In the Heart of the Sea: Importance of the Whaling Industry in the 19th Century

Topics: Sperm whale, Humpback whale, Cetacea Pages: 4 (1533 words) Published: November 28, 2010
In the Heart of the Sea
In 1819, The whale ship, Essex, set its sails and departed from Nantucket, Massachusetts on a voyage to the Pacific Ocean to hunt and kill sperm whales and retrieve the abundance of oil the whales possess, which became a crucial component in 19th century industry [2]. The island of Nantucket had been one of the most important oil businesses for quite some time. For the crew of the whale ships, harvesting whales was a tough assignment; when a whale was spotted, the crew would approach it, harpoon it, and then try to kill it. Once a whale was killed, its blubber was peeled from the corpse and then boiled for the high quality oil. On this particular journey the crew faced even more difficulties than just the killing of the whales. As sperm whales can reach upwards of sixty tons [1], they had the potential to destroy a whaling boat, as the crew of the Essex unfortunately learned. The whale ship goes through a huge storm, was attacked by a large sperm whale, became shipwrecked and was forced to navigate the sea with limited supplies in very small whaleboats, leading to starvation, dehydration, cannibalism, and even death. The story of the Essex is an important part of history, as it demonstrated not only the importance of the whaling industry upon 19th century citizens, but how such a tragic event played an important role on a community such as Nantucket.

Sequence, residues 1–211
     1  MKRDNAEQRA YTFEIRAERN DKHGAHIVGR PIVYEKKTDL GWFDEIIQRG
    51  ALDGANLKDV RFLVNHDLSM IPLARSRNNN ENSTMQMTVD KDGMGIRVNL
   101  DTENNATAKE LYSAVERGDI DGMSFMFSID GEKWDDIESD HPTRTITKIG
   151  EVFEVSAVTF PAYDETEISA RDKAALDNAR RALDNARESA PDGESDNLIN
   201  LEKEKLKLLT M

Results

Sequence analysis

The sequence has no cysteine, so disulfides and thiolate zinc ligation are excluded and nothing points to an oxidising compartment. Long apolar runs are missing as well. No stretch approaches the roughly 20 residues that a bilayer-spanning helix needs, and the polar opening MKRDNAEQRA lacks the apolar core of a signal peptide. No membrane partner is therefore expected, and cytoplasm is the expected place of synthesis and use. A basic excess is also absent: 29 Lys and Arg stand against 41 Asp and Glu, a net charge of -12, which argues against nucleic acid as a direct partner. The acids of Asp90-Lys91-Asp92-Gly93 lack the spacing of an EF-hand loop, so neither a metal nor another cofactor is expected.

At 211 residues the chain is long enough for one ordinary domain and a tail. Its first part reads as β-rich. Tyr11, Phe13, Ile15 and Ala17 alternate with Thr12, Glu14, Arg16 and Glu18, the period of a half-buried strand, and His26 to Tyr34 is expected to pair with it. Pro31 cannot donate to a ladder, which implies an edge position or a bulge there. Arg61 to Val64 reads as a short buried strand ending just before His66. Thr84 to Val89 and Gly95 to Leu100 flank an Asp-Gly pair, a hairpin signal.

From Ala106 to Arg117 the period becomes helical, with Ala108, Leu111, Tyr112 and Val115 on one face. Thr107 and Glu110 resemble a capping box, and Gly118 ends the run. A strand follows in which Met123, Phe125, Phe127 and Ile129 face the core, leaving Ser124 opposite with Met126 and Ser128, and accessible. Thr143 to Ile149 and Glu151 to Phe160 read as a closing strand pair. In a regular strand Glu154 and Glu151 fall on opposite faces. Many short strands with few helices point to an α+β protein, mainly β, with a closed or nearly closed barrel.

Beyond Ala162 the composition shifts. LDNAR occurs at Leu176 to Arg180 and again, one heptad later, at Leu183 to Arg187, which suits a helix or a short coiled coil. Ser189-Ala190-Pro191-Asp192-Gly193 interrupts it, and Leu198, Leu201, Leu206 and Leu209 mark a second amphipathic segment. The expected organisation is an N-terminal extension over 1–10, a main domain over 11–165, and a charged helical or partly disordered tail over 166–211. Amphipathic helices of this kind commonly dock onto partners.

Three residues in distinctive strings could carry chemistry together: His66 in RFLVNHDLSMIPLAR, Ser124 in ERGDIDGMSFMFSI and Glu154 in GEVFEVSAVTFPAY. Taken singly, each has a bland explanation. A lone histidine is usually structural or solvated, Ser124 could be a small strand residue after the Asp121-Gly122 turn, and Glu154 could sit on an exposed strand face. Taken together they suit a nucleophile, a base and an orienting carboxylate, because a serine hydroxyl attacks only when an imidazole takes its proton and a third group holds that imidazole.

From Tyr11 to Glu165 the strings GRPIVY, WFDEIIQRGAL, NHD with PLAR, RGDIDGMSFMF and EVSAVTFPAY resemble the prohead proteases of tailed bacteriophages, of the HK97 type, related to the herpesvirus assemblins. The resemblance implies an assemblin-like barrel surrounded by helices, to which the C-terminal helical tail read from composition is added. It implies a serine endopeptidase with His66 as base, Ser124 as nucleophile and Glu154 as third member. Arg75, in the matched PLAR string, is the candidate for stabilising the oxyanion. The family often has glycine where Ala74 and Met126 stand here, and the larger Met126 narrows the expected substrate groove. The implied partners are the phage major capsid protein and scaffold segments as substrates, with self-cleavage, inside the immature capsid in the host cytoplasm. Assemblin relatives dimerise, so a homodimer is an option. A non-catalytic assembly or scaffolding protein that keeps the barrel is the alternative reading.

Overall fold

Soon after arriving in the Pacific, the crew made several stops along the coast of South America, slaughtering many whales along the way. George Pollard, the captain, then charted a course for another area near the coast of South America, which had come to be known as a hot spot for hunting whales. The crew of the Essex had never ventured into these waters and the whalers were unfortunately unaware of the dangers that awaited them in this uncharted territory. The tides turn on the whalers on November 20, 1820; the lookout crew spotted a pod of whales and immediately the harpoon crew...
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